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Nationwide population-based cohort study of uterine rupture in Belgium : results from the Belgian Obstetric Surveillance System

  • Vandenberghe, Griet
  • De Blaere, Marlies
  • Van Leeuw, V
  • Roelens, Kristien
  • Englert, Y
  • Hanssens, M
  • Verstraelen, Hans
Publication Date
Jan 01, 2016
Ghent University Institutional Archive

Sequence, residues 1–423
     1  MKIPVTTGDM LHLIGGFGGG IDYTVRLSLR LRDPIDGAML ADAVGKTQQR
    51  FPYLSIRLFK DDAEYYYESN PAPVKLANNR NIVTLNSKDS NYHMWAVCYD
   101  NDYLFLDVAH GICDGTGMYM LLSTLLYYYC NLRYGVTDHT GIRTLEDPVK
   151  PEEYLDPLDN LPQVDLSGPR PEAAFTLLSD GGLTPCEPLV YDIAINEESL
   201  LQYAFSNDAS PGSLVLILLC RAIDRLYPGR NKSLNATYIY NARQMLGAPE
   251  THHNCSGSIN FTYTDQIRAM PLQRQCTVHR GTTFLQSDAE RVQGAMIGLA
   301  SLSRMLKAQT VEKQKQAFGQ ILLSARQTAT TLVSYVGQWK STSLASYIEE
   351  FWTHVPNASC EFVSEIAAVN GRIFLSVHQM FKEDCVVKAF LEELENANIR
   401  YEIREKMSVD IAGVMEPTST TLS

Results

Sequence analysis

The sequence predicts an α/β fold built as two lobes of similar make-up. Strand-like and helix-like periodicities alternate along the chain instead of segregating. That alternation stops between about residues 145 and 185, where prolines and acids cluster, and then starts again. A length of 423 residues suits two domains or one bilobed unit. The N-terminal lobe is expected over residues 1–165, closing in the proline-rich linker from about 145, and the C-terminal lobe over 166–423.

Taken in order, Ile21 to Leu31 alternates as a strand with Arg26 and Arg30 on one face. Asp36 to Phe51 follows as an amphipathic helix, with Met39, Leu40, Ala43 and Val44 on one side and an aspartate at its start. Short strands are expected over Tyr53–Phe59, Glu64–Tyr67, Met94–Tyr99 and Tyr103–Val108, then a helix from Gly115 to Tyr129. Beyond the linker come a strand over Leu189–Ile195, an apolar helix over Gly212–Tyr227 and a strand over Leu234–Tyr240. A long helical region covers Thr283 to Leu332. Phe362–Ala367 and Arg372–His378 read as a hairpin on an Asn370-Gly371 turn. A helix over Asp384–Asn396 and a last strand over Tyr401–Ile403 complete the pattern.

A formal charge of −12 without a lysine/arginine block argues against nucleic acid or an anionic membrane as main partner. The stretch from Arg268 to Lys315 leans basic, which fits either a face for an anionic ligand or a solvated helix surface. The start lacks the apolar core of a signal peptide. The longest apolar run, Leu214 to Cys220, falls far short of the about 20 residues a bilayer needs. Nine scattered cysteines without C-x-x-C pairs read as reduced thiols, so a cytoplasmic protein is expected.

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Objectives: We aimed to assess the prevalence of uterine rupture in Belgium and to evaluate risk factors, management and outcomes for mother and child. Design: Nationwide population-based prospective cohort study. Setting: Emergency obstetric care. Participation of 97% of maternity units covering 98.6% of the deliveries in Belgium. Participants: All women with uterine rupture in Belgium between January 2012 and December 2013. 8 women were excluded because data collection forms were not returned. Results: Data on 90 cases of confirmed uterine rupture were obtained, of which 73 had a previous Caesarean section (CS), representing an estimated prevalence of 3.6 (95% CI 2.9 to 4.4) per 10000 deliveries overall and of 27 (95% CI 21 to 33) and 0.7 (95% CI 0.4 to 1.2) per 10000 deliveries in women with and without previous CS, respectively. Rupture occurred during trial of labour after caesarean section (TOLAC) in 57 women (81.4%, 95% CI 68% to 88%), with a high rate of augmented (38.5%) and induced (29.8%) labour. All patients who underwent induction of labour had an unfavourable cervix at start of induction (Bishop Score 7 in 100%). Other uterine surgery was reported in the history of 22 cases (24%, 95% CI 17% to 34%), including 1 case of myomectomy, 3 cases of salpingectomy and 2 cases of hysteroscopic resection of a uterine septum. 14 cases ruptured in the absence of labour (15.6%, 95% CI 9.5% to 24.7%). No mothers died; 8 required hysterectomy (8.9%, 95% CI 4.6% to 16.6%). There were 10 perinatal deaths (perinatal mortality rate 117/1000 births, 95% CI 60 to 203) and perinatal asphyxia was observed in 29 infants (34.5%, 95% CI 25.2% to 45.1%). Conclusions: The prevalence of uterine rupture in Belgium is similar to that in other Western countries. There is scope for improvement through the implementation of nationally adopted guidelines on TOLAC, to prevent use of unsafe procedures, and thereby reduce avoidable morbidity and mortality.

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